Robert Hanna on Martin Shuster’s “Autonomy after Auschwitz”

 

MARTIN SHUSTER | Autonomy after Auschwitz: Adorno, German Idealism, and Modernity | University of Chicago Press 2014


 

By Robert Hanna

In Autonomy After Auschwitz, Martin Shuster argues for five basic claims:

(i)  that in the hands of Adorno himself, Horkheimer and Adorno’s ‘dialectic of enlightenment’ becomes the dialectic of autonomy,

(ii) that the classical Kantian concept of autonomy, as spelled out in the Groundwork for the Metaphysics of Morals and the Critique of Practical Reason, under the historical and sociopolitical pressures of twentieth-century totalitarianism and post-World War II advanced capitalism, was tragically deformed into a deeply alienating and morally oppressive notion,

(iii) that Kant himself has a prescient reply to the real possibility of this kind of tragic deformation of human rationality, under the rubric of ‘radical evil’, in Religion Within the Boundaries of Mere Reason, by way of his thesis that we all have a fundamental, innate religious commitment to the highest good, aka God, the rational Idea of a proportioning of moral virtue to happiness, spread out over all the members of a universal ethical community, each of them a person of good will, acting individually, but also in a mutually coordinated and socially-shaped way, for the sake of the Categorical Imperative—“a people of God under ethical laws” (RGV, AA 6:98), jointly constituting “a kingdom of God on earth” (RGV, AA 6:93), “which cannot be realized (by human organization) except in the form of a Church” (RGV, AA 6:100),

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Reply to Howard Williams

 

ALLEN W. WOOD | The Free Development of Each: Studies on Freedom, Right, and Ethics in Classical German Philosophy | Oxford University Press 2014


 

By Allen Wood

I must begin by thanking Howard Williams for a most generous as well as insightful set of comments on my 2014 book The Free Development of Each. His first few pages state with admirable brevity and clarity some admirable propositions about how philosophers should regard the history of philosophy, how they should study past philosophers, interact with them philosophically and apply their study of them to present-day problems, not only in philosophy but also in present-day culture, society and politics. That he does so by describing what he takes me to have done in my book is certainly flattering and humbling, but I think the main lesson to be drawn from what he says is that this is the way all philosophers should deal with important figures in the history of philosophy. I urge everyone to read again what he says there, ignoring references to me or my book and instead understanding what he says as advice, or as a set of ideals, concerning the way the history of philosophy should be studied and appropriated. I may live up to these ideals imperfectly, but Williams presents them very well. Read more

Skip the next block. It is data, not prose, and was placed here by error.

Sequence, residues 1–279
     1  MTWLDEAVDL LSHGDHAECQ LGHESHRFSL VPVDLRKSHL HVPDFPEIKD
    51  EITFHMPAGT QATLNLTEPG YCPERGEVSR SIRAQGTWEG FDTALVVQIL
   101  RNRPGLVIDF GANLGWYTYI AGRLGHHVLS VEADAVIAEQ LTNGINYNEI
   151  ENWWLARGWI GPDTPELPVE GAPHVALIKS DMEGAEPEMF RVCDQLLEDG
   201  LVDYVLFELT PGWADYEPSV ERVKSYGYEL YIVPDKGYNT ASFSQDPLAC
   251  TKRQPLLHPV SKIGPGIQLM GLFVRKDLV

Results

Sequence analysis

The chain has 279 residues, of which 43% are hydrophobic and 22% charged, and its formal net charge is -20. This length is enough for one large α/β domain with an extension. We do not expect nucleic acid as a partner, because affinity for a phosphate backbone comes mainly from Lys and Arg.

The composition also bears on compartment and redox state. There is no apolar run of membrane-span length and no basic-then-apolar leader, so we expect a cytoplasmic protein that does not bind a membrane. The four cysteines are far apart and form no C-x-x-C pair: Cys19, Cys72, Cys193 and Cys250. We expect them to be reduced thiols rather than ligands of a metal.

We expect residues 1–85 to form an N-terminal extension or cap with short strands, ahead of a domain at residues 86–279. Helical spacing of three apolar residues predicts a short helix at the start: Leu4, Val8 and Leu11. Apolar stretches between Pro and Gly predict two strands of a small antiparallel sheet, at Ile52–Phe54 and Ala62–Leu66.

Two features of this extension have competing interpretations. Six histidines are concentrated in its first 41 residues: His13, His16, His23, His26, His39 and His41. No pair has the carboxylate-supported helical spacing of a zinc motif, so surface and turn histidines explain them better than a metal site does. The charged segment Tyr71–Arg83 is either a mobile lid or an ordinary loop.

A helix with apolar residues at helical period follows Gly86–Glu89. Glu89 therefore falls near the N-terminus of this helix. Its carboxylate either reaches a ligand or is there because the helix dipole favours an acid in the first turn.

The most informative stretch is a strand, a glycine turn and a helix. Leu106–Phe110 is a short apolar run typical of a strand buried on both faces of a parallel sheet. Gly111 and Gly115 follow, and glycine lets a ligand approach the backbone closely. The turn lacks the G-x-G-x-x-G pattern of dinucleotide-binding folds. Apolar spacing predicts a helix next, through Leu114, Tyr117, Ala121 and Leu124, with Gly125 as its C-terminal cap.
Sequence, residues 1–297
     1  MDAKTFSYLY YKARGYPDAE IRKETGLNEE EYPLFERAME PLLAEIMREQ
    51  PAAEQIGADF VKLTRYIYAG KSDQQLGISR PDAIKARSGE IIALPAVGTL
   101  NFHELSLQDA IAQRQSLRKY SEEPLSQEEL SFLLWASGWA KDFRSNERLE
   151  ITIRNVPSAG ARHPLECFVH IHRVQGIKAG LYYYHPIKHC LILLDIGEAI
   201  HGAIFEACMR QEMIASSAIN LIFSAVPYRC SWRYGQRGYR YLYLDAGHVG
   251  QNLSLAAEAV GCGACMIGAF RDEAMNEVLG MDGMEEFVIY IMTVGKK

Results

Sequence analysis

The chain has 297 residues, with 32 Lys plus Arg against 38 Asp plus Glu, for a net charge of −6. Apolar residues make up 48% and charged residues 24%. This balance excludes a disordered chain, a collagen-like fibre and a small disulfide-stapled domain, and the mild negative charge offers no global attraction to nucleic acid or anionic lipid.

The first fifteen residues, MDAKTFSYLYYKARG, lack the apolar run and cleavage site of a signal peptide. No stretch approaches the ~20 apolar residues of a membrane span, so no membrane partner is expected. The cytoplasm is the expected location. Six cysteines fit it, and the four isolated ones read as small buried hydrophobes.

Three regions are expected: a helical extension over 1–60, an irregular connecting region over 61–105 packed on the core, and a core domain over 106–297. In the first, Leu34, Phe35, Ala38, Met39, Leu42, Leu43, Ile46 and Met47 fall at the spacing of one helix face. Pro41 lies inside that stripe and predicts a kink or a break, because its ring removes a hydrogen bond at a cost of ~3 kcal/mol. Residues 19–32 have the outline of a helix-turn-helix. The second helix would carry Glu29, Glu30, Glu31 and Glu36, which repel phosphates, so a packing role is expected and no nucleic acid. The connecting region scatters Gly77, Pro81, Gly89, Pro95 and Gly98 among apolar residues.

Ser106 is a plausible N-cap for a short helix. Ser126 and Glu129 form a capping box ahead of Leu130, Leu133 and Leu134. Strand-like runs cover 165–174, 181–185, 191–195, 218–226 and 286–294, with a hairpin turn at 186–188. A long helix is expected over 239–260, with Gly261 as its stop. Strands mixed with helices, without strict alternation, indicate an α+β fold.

Howard Williams on Allen Wood’s “The Free Development of Each”

 

ALLEN W. WOOD | The Free Development of Each: Studies on Freedom, Right, and Ethics in Classical German Philosophy | Oxford University Press 2014


 

By Howard Williams

Allen Wood’s The Free Development of Each demonstrates the great range of his scholarship and his deft philosophical skill in handling some of the most complex and challenging philosophers of the modern age. Wood has developed a specialist academic interest in the philosophies of German idealism and Marxism which is almost unique in the English speaking world. Other philosophers who stand out as sharing a comparable range of interests and scholarly accomplishments are almost exclusively European and to my knowledge, predominantly German and French. The most striking similarity is with the range of interests of the members of the Frankfurt School with whom Wood shares a heretical admiration of Marx’s writings. Adorno, Horkheimer, Marcuse and, more recently, Jürgen Habermas have shown a comparable facility in interpreting and bringing alive German idealism and Marxist thought, but Wood has exercised his facility in a manner that contrasts markedly with their reception of the canon.

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Review of Lara Ostaric (ed.) “Interpreting Schelling: Critical Essays”

 

LARA OSTARIC (ed.) | Interpreting Schelling: Critical Essays | Cambridge University Press 2014


 

By G. Anthony Bruno

That Lara Ostaric’s Interpreting Schelling: Critical Essays is the first English-language collection of papers devoted to the philosophy of F.W.J. Schelling is timely, yet overdue. Renewed Anglophone interest in German idealism has been in full swing since the turn of the century, exposing scholars and students to the continuing relevance of the problems tackled and solutions offered during the tract of time stretching von Kant bis Hegel. Longstanding inaccuracies resulting from heavy reliance on this refrain—neglect of the positions and challenges that enabled Hegel’s attempt to overcome Kant, misperception of Hegel as the culmination of German idealism—have been slowly corrected by increased attention to figures falling within this tract, including Jacobi, Maimon, Reinhold, Fichte and, gradually, Schelling. A large portion of Schelling’s massive oeuvre has received English translation over the past fifteen years alone. Yet he is the least understood or studied of the idealists. Read more